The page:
Deep Tissue Massage
Deep tissue massage is designed to reach the deep portions of thick muscles,
specifically the individual muscle fibers. Using deep muscle compression and friction along the grain of the
muscle, its purpose is to unstick the fibers of the muscles and release both toxins and deeply held patterns of
Deep tissue techniques are designed for more focused massage work. Working a specific
joint, muscle or muscle group. Starting superficially and easing into the depth of the muscle slowly often
allows more movement. Very little lubricant is used as the pressure doesn't travel much over the
Myofascial Release Therapy All muscles, arteries, bones, organs, etc. are held together by a
Saran wrap kind of tissue called fascia. Developed in the late 1960's by John Barnes, Myofascial Release works by
the manipulation of the fascia that connects and surrounds muscles. Because the fascia is body-wide, a tension or
trauma in one part of the body can affect another part. The fascia responds to the trained touch to release the
adverse effects of inflammation, tension, trauma overuse and poor posture. This is usually done by applying
shear compression or tension in various directions, or by skin rolling.
Positional Release Therapy (PRT)
PRT is a technique of decreasing and eliminating trigger points in the affected muscle by
placing the client in a position where pressure on the trigger point is no longer painful, and then holding that
position for approximately 90 to 120 seconds. This technique is very useful in clients with Fibromyalgia and neck
and shoulder pain.
Proprioceptive Neuromuscular Facilitation (PNF)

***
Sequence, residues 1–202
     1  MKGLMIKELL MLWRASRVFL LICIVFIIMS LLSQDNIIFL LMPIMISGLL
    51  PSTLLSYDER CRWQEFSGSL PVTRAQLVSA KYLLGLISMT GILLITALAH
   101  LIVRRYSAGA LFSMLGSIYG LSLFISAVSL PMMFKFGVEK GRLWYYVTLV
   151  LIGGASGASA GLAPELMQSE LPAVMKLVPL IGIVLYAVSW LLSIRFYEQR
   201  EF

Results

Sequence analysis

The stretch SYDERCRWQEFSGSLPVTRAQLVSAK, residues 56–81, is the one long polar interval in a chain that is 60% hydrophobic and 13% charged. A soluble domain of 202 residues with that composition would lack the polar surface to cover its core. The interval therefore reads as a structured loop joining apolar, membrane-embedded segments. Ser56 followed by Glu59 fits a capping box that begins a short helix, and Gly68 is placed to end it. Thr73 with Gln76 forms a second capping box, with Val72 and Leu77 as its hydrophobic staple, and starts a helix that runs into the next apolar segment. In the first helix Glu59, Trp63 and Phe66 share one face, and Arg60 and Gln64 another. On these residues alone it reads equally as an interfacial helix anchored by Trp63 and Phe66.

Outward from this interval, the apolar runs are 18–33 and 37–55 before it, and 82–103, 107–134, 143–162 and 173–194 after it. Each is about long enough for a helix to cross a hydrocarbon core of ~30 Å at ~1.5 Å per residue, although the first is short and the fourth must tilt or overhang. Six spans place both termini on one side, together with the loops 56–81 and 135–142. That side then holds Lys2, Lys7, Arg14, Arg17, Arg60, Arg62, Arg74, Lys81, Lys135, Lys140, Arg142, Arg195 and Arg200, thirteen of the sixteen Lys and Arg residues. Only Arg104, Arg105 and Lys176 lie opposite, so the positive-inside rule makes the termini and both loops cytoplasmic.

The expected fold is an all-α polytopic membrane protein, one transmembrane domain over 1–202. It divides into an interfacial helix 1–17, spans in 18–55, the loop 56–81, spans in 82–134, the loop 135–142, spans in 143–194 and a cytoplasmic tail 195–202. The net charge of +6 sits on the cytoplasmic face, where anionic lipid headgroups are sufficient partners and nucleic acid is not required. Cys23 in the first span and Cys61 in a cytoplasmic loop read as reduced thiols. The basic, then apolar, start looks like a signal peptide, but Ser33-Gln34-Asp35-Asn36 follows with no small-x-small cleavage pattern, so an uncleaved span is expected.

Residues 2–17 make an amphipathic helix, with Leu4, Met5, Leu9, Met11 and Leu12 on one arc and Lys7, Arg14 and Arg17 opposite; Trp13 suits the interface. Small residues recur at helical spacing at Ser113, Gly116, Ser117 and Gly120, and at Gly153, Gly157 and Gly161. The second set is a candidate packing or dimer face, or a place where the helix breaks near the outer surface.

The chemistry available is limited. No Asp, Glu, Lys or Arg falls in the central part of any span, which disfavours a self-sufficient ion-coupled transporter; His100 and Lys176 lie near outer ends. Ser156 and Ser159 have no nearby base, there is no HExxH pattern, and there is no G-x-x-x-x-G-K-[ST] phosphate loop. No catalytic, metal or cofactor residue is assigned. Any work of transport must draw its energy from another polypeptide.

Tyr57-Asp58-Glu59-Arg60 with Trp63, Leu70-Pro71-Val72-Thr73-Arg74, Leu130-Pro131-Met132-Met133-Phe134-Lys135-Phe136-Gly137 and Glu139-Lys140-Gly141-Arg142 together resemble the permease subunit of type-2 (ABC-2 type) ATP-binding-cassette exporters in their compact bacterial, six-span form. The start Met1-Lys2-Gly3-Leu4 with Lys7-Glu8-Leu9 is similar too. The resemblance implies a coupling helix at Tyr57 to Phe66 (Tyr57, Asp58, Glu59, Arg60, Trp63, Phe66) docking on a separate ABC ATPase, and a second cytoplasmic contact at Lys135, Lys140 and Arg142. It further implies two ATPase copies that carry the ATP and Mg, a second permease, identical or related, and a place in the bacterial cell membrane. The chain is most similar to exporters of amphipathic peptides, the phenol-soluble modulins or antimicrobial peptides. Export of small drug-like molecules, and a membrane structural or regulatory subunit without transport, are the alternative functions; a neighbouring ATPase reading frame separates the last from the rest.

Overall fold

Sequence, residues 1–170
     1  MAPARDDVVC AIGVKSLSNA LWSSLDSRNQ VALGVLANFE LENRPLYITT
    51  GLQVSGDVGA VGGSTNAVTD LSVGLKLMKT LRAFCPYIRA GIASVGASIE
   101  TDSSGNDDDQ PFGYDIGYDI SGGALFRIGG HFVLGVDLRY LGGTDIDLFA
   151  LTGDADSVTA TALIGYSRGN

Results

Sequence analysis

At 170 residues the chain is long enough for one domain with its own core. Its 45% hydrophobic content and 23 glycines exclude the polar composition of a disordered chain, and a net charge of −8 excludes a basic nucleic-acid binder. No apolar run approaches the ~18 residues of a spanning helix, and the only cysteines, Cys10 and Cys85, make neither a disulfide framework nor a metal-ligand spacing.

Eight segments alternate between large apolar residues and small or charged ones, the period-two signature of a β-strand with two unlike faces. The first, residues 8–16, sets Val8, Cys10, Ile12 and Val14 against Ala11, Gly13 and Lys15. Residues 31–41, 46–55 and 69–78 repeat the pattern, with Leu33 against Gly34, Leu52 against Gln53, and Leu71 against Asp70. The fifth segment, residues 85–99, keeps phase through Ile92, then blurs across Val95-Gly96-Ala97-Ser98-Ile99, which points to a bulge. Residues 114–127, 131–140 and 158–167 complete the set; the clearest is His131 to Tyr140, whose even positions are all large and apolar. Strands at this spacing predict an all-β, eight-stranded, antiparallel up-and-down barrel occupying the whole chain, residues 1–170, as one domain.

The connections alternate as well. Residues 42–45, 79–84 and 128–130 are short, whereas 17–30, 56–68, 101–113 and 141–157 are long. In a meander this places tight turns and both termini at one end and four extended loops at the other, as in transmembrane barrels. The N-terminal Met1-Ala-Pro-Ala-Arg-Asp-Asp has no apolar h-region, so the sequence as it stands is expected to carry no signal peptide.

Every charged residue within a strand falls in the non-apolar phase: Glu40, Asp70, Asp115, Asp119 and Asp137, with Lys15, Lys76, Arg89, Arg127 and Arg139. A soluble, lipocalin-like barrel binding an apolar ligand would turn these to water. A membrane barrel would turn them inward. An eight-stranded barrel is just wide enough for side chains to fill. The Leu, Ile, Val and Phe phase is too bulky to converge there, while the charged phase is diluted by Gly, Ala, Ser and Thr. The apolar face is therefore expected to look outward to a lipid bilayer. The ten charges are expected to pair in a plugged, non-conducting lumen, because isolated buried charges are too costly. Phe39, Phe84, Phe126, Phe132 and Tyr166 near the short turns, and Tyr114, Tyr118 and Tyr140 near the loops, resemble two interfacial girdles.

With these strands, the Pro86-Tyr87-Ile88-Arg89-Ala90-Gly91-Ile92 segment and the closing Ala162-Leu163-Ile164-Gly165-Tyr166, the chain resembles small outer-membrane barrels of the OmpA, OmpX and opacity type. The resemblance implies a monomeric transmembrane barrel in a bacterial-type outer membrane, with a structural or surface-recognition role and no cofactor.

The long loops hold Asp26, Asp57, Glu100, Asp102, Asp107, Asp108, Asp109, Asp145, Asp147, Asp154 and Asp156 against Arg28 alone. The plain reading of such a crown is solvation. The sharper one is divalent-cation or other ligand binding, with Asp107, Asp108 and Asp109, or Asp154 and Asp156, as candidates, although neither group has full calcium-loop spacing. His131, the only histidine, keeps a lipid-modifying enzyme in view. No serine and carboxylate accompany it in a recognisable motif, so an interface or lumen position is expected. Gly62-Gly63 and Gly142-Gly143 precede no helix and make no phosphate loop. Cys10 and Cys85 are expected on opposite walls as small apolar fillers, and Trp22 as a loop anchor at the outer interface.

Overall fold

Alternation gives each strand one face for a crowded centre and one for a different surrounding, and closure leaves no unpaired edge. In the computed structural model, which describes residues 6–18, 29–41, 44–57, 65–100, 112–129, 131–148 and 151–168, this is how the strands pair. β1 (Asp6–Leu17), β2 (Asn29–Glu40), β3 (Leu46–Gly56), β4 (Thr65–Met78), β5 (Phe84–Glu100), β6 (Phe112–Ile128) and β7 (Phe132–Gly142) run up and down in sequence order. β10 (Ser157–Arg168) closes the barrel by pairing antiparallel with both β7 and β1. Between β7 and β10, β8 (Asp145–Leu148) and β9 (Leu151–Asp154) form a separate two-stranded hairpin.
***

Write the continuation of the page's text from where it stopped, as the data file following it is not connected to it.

PNF or CRAC (Contract Relax Antagonist Contract) as I learned
it, is advanced flexibility training that involves both the stretching and contraction of the muscle
group being targeted. PNF stretching was originally developed as a form of rehabilitation, and to that effect it is
very effective. It also targets specific muscle groups. Not only does PNF increase range of
movement, it also helps to improve the strength of the targeted muscle group.
Popularized in the United States by physiotherapist Eunice Inghram in the 1930s, this is an
acupressure type technique performed on the hands and feet and is based on the ancient Oriental theory that
meridian lines or pathways carry energy throughout the body. Because each zone or part of the body has a
corresponding reflex point on the feet, stimulating that reflex point causes stimulation in the natural energy of
the related organ. Crystalline-type deposits and/or tenderness indicate a dysfunction, and pressure is applied to
clear out congestion and restore normal functioning and health.
Reiki (pronounced ray-kee) in Japanese means "universal life energy." It is a healing
technique of transmitting life energy by placing the hands gently in specific positions either on or above the
body. This laying-on of hands is designed to relieve pain, restore vitality, heal illnesses, and aid spiritual
growth. It was developed by Dr. Mikao Usui, in Japan, who came upon ancient manuscripts revealing the
healing system in the 19th century. It was introduced to the United States in the 1930's by Hawayo
Trigger Point Therapy
Trigger point therapy is a technique that involves the application of
pressure to tender muscle tissue in order to relieve pain and dysfunction in other parts of the body. Trigger point
therapy was developed by Dr. Janet Travell in the 1940s.
Trigger points are areas of tenderness in a muscle. There are two basic types of trigger
points. Active cause muscular pain and will refer pain and tenderness to another area of the body when pressure is
applied and latent, thought to be one of the causes of stiff joints and the restricted range of motion of old
Trigger points are very common. They are also referred to as muscle knots and are caused by:
birth trauma, an injury, poor posture, or overexertion. Trigger points may be associated with myofascial pain
syndromes or Fibromyalgia.